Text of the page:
Disclaimer: this article does not claim to give any official health advice to travelers.
Snapshots – many believe our trips would be incomplete without them. Photographs provide concrete memorandums of the discoveries we make whilst traveling. One fleeting moment can be cherished forever and relived multiple times thanks to a single photograph. Sharing our ‘pics’ with friends and family has become an important bonding activity; they can relate to the highs – and lows – of our travels via this visual medium.
Images fascinate us as a culture, and always have done. Photographs, in particular, can educate us about the past, as historical documents and ancestral artifacts. They lay claim to a certain objectivity (despite the subjective point of view of the photographer), that paintings and other artistic representations do not. Hence the popular dictum of today: “Pics or it didn’t happen”. It seems that a lot of travel photographs are about obtaining proof, for ourselves and for others, that our seemingly unbelievable or unimaginable experiences really did happen.
When photography first developed, it was the apanage of an elite few. But with the wide range of high-end cameras available nowadays – from DSLRs to high-res cameras built into mobile phones – photography is at the fingertips of every one of us. Now that it is overwhelmingly accessible to all, professional photojournalists and travel photographers need to work extra hard to distinguish their work from that of the masses.
Indeed, a handful of carefully composed photographs have become legend. A single photograph possessing that ‘special something’ has the power to capture the imagination of a generation. Take, for example, Steve McCurry’s ‘Afghan Girl’ (1984), with a pair of green eyes that will go down in history and pierce hearts across borders and cultures for years to come.
But in this dynamic, transient world where images are two-a-penny, many seem to have forgotten the lasting power of the Art of Photography. The most mundane of things are now worthy of tourists’ digital memory and social media posts on Facebook, Instagram, Whatsapp, etc. Some feel that this is simply a modern-day convenience for sharing photographs with friends and family, as we have done for so long. Yet the narcissism of this relatively new and instant way to publish personal photos sometimes smacks you in the face. Social media feeds nowadays are shamelessly flooded with selfies and trout pouts. In many ways, travel has just become another excuse for these self-promotional displays where an historical monument or beautiful scene in the backdrop legitimises a ‘You’ looking fab in the foreground.
This epidemic is part of an underlying, widespread desire to construct an online illusion of an unrealistically perfect life, modelled on advertisements and consolidated by ego-boosting Likes and Comments. Photography nowadays is about coming out. It has moved from the private realm of contemplation to the public sphere, despite the personal nature of the subject matter. The cliché of the black-and-white photo hidden away in the attic has been replaced by the snapshots which we splash all over the internet. And our sense of self-worth is largely invested in pixels on a screen and the internet audience reached.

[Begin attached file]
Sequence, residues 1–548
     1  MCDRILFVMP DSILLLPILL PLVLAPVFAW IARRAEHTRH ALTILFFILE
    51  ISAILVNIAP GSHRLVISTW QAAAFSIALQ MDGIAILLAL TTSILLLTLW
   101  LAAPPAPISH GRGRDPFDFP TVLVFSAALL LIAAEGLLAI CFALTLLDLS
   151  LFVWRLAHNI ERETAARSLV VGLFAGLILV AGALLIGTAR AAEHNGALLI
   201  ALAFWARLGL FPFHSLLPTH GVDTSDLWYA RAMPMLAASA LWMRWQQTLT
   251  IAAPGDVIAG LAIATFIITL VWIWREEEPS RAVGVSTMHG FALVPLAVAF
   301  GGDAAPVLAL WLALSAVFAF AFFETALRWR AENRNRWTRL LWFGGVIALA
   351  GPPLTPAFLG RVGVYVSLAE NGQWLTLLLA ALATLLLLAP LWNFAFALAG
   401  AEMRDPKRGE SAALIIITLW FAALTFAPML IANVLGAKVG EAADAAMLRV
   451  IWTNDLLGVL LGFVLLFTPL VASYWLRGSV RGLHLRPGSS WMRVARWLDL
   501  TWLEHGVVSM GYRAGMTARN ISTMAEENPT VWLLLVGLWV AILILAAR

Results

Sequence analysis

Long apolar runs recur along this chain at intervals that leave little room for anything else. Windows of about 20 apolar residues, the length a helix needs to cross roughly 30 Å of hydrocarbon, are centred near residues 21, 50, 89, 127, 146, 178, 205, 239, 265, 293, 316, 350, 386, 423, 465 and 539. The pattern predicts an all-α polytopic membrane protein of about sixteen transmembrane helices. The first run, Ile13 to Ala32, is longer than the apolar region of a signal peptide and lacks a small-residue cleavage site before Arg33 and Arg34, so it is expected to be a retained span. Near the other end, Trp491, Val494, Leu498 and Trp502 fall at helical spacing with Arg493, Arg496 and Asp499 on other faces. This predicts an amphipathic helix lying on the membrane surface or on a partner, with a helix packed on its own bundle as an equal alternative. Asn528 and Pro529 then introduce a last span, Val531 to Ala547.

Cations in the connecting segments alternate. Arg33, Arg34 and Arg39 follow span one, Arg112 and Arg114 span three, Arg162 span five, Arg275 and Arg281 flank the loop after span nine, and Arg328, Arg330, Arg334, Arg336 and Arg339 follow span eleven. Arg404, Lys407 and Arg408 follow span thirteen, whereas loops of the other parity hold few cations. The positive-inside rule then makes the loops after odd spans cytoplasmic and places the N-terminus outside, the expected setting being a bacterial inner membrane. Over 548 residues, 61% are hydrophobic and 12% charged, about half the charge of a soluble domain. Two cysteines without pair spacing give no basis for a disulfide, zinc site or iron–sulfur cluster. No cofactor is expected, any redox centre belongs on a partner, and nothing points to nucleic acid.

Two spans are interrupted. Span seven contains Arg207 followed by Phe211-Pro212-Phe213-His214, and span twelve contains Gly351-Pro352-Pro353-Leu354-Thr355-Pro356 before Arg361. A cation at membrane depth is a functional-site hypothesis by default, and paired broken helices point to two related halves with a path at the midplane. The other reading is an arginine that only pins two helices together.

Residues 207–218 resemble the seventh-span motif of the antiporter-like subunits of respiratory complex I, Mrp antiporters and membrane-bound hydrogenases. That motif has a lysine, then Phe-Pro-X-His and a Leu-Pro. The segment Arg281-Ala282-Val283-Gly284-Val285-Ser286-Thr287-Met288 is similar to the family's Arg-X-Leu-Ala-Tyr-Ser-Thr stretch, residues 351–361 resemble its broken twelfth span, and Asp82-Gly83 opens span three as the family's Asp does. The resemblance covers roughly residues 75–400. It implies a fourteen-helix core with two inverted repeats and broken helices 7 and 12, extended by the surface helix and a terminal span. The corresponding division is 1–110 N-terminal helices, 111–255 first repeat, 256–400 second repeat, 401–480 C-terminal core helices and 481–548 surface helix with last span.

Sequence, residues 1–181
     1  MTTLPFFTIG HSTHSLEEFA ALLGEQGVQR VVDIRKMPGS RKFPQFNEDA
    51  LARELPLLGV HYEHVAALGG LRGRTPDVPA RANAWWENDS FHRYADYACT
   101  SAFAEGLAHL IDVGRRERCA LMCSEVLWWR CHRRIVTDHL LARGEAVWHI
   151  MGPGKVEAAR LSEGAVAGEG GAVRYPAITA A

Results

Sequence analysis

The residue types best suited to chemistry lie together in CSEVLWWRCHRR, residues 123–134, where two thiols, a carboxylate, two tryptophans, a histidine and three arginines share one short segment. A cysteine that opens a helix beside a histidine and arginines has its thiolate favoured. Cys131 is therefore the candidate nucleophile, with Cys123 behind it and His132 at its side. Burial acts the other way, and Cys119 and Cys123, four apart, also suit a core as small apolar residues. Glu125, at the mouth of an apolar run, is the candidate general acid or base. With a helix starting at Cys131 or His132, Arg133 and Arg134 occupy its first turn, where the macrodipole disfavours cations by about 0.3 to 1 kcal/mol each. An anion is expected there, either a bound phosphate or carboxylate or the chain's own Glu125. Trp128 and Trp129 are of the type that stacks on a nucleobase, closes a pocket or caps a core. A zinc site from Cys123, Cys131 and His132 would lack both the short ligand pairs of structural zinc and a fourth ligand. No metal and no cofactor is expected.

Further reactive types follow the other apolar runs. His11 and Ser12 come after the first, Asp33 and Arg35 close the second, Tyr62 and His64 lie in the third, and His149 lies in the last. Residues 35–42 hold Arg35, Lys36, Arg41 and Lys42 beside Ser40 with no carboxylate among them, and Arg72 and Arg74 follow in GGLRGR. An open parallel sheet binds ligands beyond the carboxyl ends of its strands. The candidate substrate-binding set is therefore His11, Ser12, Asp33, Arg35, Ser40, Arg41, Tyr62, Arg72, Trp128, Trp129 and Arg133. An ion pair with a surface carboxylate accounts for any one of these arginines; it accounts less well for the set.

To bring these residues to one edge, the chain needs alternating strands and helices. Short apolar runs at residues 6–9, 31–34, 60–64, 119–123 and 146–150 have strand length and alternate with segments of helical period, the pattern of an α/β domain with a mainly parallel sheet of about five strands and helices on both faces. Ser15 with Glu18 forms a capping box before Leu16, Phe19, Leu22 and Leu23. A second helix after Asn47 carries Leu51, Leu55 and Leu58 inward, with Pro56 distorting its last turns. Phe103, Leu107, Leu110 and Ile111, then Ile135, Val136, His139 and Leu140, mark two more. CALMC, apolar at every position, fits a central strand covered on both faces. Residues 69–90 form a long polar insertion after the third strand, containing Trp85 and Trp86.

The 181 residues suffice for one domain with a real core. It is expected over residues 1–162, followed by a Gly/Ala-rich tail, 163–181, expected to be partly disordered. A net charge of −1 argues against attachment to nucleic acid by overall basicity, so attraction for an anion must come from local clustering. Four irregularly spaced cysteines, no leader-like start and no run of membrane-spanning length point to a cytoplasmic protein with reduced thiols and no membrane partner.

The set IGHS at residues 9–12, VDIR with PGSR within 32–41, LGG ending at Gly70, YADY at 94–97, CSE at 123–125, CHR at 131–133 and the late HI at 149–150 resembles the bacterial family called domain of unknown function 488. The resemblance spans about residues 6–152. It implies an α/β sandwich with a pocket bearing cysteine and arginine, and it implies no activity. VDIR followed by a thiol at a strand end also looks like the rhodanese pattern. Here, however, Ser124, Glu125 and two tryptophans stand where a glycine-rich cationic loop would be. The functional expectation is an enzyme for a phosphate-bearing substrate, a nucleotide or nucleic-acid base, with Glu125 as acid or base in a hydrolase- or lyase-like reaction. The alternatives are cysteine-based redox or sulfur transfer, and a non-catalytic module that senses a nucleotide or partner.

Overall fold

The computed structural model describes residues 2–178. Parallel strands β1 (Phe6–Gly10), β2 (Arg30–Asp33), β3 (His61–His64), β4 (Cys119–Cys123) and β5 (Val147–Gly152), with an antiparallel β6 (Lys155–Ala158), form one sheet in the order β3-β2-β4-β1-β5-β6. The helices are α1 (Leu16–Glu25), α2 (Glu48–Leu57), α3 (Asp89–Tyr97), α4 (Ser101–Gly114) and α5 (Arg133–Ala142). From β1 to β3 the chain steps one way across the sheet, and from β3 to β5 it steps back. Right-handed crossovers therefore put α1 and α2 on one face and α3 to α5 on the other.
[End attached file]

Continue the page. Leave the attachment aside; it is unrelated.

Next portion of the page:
Why this paradigm shift? Does photo fever enrich and consolidate our experiences? Or are we exploiting photography in order to compete with others and impress our ‘Friends’ online? Perhaps we need to take a step back from the lens. Perhaps we should be more truthful with ourselves as to the real reasons why we take so many photographs on our travels.
When taking photographs becomes the primary aim of visiting a place, you can hardly claim immersive exposure to the local ways of life. Instead, you tend to move around in a little bubble, coalescing with your fellow feverish in the jostling ‘photo free-for-alls’ which collect around tourist hotspots, arguably spoiling the experience for other visitors.
Travel is an external exploration but it should also be an internal one, where you allow yourself the space to introspect, rather than taking the familiar weight of social anxiety and insecurity halfway round the world with you. Wouldn’t you rather be someone who lives in the moment than the person who is constantly, self-consciously searching for opportunities to pose?
Steve McCurry probably didn’t go round Afghanistan all camera-happy with his index finger permanently glued to the shutter button and a patellar reflex in his elbow joint. He would have taken the time and found the space to let the indigenous culture wash over him, meeting with local people in order to obtain their trust in him as a strange foreign man with a camera. Obviously, the aim isn’t always to emulate the professional photojournalist and produce publishable work; sometimes we just want that personal memorandum to take home. These photos become our own Afghan Girls, so to speak, gems to save for the grandkids, the pictures that really are worth a thousand words and testify to an unbelievable adventure, rather than an unbelievably big ego. Compare this with the hundreds of snapshots we see every day which are only worth one word: ‘Unfollow’.